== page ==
Karori Cemetery buildings earthquake strengthening and cremator renewal
The Karori Cemetery chapels and crematorium were earthquake strengthened from March to October 2016, as part of the Council's programme to make Wellington stronger and safer.
The Karori Cemetery chapel has been earthquake strengthened
Strengthening the small chapel work plan included maintenance to further preserve and protect this heritage building and improve the crematorium. Other buildings strengthened were the main chapel and the cemetery staff's mess room.
We also take this opportunity to replace the cremator unit, as it was near the end of its serviceable life.
The small chapel was designed by noted Wellington architect John Sidney Swan
The crematorium was closed while the strengthening work on the small chapel and the cremator renewal was done.
Key work involved:
- Earthquake strengthening the small chapel, crematorium, main chapel, and mess room.
- Removing and restoring the seven stained-glass windows in the small chapel.
- Installing the new cremator.
- Accessibility and fire protection improvements.
There are seven stained glass windows in the small chapel
Relocation of urns
While work happened in the small chapel, access to the marble niche walls and the niche cabinets was restricted.
Due to the nature of the seismic strengthening work being carried out on the small chapel, we needed to relocate a number of ash urns from inside the niche cabinets in the small chapel. These were stored in a secure facility within the cemetery and reinstated when the work was finished.
The stained glass windows were removed and restored
The removal and restoration of the stained glass windows started in January. Strengthening work started March 29 2016, and was completed October 2016.
Karori Cemetery was established in 1891 and is New Zealand's second largest burial ground, covering nearly 40 hectares. The crematorium was New Zealand's first crematorium opening in 1909, and is the oldest in Australasia.
The stained glass windows were designed and built in the An Tur Gloine (Tower of Glass) factory in Dublin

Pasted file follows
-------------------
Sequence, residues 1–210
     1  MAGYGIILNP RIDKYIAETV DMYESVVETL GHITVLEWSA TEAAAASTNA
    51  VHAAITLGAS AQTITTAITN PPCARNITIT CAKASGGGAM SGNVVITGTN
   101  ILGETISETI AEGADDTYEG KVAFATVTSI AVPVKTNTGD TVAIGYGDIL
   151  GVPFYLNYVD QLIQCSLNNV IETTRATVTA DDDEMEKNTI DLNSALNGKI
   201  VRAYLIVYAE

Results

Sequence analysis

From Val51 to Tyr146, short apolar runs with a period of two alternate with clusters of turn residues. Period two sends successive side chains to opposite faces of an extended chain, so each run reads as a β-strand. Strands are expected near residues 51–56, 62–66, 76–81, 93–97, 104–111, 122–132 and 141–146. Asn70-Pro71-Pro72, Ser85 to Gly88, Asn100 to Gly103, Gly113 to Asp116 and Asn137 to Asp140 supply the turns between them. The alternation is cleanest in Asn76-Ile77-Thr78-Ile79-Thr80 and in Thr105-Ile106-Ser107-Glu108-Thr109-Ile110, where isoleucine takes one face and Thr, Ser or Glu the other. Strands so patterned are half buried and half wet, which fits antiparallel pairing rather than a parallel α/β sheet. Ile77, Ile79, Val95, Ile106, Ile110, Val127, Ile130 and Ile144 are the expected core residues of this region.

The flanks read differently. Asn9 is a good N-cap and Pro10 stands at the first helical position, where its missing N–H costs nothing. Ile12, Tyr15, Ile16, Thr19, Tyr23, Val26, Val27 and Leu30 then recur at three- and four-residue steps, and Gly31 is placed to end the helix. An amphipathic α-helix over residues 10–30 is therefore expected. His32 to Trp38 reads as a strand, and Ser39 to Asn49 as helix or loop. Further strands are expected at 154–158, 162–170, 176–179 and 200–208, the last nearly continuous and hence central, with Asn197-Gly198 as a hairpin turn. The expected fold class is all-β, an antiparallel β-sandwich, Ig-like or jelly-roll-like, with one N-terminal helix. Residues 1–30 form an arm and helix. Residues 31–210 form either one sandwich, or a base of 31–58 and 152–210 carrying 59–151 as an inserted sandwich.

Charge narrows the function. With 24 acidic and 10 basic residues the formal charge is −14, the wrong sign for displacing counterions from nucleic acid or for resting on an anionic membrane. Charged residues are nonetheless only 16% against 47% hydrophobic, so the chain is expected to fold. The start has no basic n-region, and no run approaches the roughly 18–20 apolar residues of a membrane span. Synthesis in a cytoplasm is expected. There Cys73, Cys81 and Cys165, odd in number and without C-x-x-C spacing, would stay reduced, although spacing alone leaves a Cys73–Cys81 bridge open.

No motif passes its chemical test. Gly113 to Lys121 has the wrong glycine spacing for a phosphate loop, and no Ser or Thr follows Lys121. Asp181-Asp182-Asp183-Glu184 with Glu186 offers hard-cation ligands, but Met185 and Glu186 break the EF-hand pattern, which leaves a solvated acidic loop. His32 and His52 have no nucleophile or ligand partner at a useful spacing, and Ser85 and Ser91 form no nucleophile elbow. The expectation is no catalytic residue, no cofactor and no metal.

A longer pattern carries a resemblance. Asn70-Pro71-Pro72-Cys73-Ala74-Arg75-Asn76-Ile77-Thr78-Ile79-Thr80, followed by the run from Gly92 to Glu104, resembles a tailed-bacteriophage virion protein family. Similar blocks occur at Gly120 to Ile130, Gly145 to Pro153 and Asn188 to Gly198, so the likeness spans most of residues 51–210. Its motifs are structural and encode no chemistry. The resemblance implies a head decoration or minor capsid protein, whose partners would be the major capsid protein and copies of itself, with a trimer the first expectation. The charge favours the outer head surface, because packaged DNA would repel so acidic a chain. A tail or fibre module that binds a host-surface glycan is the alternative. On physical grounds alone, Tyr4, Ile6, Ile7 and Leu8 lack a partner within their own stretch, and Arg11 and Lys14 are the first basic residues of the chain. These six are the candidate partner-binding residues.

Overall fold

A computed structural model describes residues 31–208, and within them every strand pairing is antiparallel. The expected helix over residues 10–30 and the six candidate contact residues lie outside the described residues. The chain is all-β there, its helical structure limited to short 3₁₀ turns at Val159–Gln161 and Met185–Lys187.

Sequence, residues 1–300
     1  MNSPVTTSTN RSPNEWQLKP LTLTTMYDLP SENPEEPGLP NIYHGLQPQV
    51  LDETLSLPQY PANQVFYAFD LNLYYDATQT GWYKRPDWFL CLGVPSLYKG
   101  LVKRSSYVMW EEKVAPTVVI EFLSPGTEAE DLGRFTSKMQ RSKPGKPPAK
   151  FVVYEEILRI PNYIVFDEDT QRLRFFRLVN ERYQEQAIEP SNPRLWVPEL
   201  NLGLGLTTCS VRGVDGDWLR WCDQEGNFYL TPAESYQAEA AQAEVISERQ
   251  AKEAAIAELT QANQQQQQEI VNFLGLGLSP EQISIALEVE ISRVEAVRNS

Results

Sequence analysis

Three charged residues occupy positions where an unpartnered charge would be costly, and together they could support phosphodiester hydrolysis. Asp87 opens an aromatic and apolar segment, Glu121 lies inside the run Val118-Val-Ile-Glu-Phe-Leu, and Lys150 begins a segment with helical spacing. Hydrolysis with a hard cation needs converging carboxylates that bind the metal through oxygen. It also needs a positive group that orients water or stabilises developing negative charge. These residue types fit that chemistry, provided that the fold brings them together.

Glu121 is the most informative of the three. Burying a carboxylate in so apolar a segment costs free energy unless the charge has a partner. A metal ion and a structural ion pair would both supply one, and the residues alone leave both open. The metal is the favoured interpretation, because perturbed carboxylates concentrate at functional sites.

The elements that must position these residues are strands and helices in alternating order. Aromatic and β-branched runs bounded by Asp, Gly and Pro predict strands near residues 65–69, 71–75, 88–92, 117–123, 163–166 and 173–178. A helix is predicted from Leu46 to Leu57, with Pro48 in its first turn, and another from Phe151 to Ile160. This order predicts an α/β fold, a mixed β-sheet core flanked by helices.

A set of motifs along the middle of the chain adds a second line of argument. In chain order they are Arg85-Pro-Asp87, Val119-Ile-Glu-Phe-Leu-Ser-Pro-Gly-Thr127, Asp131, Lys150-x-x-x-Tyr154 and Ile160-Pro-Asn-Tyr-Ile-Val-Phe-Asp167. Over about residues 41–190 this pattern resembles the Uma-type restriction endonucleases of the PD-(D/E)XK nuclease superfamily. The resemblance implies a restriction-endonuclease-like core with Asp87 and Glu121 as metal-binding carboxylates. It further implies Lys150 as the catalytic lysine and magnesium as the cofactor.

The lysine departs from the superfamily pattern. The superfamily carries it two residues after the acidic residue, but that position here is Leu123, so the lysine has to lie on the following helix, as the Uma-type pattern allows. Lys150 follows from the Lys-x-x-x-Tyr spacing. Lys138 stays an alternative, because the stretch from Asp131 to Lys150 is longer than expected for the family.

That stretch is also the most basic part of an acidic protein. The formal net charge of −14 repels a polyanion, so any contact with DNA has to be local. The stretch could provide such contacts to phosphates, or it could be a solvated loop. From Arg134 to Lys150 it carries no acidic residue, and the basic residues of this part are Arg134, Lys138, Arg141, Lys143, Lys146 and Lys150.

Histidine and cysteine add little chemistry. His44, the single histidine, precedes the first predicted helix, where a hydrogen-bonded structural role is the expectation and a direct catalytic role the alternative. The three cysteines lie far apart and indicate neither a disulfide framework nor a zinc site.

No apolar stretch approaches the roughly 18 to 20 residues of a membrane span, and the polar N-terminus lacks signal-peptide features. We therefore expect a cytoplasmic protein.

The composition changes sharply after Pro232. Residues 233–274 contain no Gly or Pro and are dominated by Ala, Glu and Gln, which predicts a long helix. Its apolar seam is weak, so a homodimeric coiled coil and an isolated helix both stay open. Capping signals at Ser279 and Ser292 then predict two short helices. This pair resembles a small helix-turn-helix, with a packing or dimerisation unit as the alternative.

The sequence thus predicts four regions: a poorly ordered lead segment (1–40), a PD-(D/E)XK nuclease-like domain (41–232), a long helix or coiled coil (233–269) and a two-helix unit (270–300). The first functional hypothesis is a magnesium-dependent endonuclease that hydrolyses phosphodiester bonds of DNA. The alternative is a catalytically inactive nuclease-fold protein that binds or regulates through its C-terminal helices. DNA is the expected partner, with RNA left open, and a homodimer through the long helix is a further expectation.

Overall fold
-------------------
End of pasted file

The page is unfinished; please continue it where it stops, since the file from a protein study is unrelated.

It carries out about 250 cremations a year – during the work, cremations were carried out by other local operators.
The small chapel was designed by noted Wellington architect John Sidney Swan and also opened in 1909.
There are seven stained glass windows in the small chapel, six of them were designed and built in the An Tur Gloine (Tower of Glass) factory in Dublin. The windows were made by artists Wilhelmina Geddes, Michael Healy and Hubert McGoldrick between 1914-1939.
The windows were commissioned by an English-born Wellington resident, William Ferguson, in memory of his family. The seventh window was a more recent addition, installed in 1990 in memory of John Marten Butt.
The windows were restored by Stewart Stained Glass Ltd of Rangiora.
Stained glass window restoration process
Stained glass window restoration involves the following processes: The black coating is monochromatic paint, kiln fired on to the glass to create the details that you see on the white canvas. A chemical is applied to break down the linseed oil that seals the original lead and glass, to allow the dismantling of the composition without any damage. The glass is then free to be cleaned completely.
Wherever possible, glass pieces that are broken are retained almost entirely, and once cleaned, are put together with special adhesive and a thin clear glass back plate, to act as a splint. Any non-salvageable pieces of glass are replaced if possible with matching coloured glass from a broad selection of antique, mouth-blown glass in stock at the studio, or new glass put carefully and expertly together to match the lost element. Non-salvageable usually means that the glass segment is not by the original artist and a poor copy.
Project Manager, Carlos Gonzales
Email | Carlos.firstname.lastname@example.org
Phone | 04 499 4444
For Cemeteries information:
Cemeteries Manager, Jeff Paris
Email | email@example.com
Phone | 04 499 4444